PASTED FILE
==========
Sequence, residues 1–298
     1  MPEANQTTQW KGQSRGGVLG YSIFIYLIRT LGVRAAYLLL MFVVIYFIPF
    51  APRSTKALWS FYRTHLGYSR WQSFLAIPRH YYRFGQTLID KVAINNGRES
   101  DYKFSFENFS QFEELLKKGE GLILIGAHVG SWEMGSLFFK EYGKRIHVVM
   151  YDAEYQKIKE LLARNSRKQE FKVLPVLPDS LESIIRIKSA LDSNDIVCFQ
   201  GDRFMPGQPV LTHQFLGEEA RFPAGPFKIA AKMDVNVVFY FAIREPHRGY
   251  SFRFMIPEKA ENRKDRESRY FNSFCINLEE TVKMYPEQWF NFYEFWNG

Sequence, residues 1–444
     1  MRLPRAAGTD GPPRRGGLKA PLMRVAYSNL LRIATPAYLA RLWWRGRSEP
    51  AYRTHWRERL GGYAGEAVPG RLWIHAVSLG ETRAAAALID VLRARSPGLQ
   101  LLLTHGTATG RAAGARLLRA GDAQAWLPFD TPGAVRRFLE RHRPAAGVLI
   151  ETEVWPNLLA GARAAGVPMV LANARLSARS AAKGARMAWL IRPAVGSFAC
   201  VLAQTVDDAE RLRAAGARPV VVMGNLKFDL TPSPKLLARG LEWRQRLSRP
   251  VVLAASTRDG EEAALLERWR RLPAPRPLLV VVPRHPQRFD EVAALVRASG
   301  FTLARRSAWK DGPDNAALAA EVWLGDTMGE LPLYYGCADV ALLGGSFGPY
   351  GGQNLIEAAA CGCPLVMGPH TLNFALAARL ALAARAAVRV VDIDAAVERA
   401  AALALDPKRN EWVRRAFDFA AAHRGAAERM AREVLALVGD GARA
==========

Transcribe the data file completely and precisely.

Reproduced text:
Sequence, residues 1–298
     1  MPEANQTTQW KGQSRGGVLG YSIFIYLIRT LGVRAAYLLL MFVVIYFIPF
    51  APRSTKALWS FYRTHLGYSR WQSFLAIPRH YYRFGQTLID KVAINNGRES
   101  DYKFSFENFS QFEELLKKGE GLILIGAHVG SWEMGSLFFK EYGKRIHVVM
   151  YDAEYQKIKE LLARNSRKQE FKVLPVLPDS LESIIRIKSA LDSNDIVCFQ
   201  GDRFMPGQPV LTHQFLGEEA RFPAGPFKIA AKMDVNVVFY FAIREPHRGY
   251  SFRFMIPEKA ENRKDRESRY FNSFCINLEE TVKMYPEQWF NFYEFWNG

Sequence, residues 1–444
     1  MRLPRAAGTD GPPRRGGLKA PLMRVAYSNL LRIATPAYLA RLWWRGRSEP
    51  AYRTHWRERL GGYAGEAVPG RLWIHAVSLG ETRAAAALID VLRARSPGLQ
   101  LLLTHGTATG RAAGARLLRA GDAQAWLPFD TPGAVRRFLE RHRPAAGVLI
   151  ETEVWPNLLA GARAAGVPMV LANARLSARS AAKGARMAWL IRPAVGSFAC
   201  VLAQTVDDAE RLRAAGARPV VVMGNLKFDL TPSPKLLARG LEWRQRLSRP
   251  VVLAASTRDG EEAALLERWR RLPAPRPLLV VVPRHPQRFD EVAALVRASG
   301  FTLARRSAWK DGPDNAALAA EVWLGDTMGE LPLYYGCADV ALLGGSFGPY
   351  GGQNLIEAAA CGCPLVMGPH TLNFALAARL ALAARAAVRV VDIDAAVERA
   401  AALALDPKRN EWVRRAFDFA AAHRGAAERM AREVLALVGD GARA